The foundation for a solution was built when key stakeholders, including pharmacy benefit managers, retail pharmacies, health plans, and private insurers, put aside their competitive differences to achieve a common goal with agreed-upon outputs and transmission standards. Pharmacy benefit managers — CVS Caremark, Express Scripts, and Medco Health Solutions — came together to fund RxHub, a platform for providing information about prescription insurance coverage across multiple payers in a consistent format.
Not to be outdone, the National Association of Chain Drug Stores and the National Community Pharmacists Association united to form Surescripts, which provided a single channel for transmitting prescriptions to multiple pharmacies.
Overcoming their competitive natures, these industry groups decided to merge the two platforms into one, now known as Surescripts. That established a dominant network managing electronic prescribing transactions between payers, physicians, and pharmacies.
Government incentives for the adoption of electronic health records under the Affordable Care Act were added to these efforts and, against all odds, what seemed like an intransigent system underwent dramatic change. Today, electronic prescribing accounts for more than 75 percent of all prescriptions.
The current standoff on the stagnation of outcomes-based drug pricing arrangements should take a page out of the electronic prescribing playbook. Now is the time for payers and drug makers to find common ground and establish a path that will lead to the expansion of value-based reimbursement of pharmaceuticals.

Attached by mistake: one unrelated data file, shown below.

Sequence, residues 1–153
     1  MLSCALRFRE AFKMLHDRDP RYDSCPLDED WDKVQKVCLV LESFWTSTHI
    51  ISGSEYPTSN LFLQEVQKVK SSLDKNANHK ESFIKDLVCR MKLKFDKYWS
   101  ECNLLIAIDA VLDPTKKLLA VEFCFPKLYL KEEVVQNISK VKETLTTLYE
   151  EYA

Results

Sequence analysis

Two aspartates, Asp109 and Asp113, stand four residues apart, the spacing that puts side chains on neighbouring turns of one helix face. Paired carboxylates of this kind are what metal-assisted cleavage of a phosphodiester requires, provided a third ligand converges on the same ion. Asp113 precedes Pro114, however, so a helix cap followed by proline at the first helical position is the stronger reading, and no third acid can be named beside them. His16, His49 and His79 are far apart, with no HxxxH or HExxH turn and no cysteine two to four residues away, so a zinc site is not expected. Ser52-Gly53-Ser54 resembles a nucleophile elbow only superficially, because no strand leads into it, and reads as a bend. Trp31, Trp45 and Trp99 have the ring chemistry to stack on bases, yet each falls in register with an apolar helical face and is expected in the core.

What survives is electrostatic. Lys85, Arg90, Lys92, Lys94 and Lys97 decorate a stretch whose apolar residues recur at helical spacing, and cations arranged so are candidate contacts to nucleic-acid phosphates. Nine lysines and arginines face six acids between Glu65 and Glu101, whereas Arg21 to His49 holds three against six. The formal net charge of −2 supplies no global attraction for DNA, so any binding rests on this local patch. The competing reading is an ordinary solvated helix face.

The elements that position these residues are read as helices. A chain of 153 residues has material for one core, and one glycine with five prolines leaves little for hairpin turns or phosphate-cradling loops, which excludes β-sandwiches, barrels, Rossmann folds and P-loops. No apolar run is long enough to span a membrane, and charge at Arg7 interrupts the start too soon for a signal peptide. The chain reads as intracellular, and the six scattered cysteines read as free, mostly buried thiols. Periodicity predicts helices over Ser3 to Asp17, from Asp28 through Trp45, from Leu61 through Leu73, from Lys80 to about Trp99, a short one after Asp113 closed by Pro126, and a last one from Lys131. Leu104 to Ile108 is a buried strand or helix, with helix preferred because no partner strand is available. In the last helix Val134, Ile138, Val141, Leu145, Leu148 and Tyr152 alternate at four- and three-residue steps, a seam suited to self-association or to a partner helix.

The key steps to expand value-based reimbursement for drugs beyond unique, limited agreements should include establishing primary metrics at a medication class level for measuring the value of a drug for both patients and payers, as well as determining its benefits for society as a whole. Such metrics include better effectiveness, fewer side effects, increased quality of life, extension of life, and the ultimate outcome — cures.
With such information in hand, agreements can be made about the type of data and file sharing that will be needed. An independent, third-party hub that oversees these transactions could help accelerate adoption, efficiency, and eventual industry-wide innovation. And a carrot from the federal government, such as financial incentives within the Medicaid or Medicare programs, could fast-track the acceptance of value-based prescribing. These actions could result in a greater portion of medication reimbursement tied to the true value of drugs.
No doubt there will be other challenges to address. But what is most important is capturing the opportunity to create an infrastructure that moves value-based reimbursement beyond individual agreements and into widespread use.
If the industry doesn’t embrace this challenge now, the government may take it out of their hands in the near future.
Larry Blandford, PharmD, is executive vice president and managing partner at Precision for Value, a company that provides services and infrastructure to support life sciences companies as they develop new products in the age of precision medicine.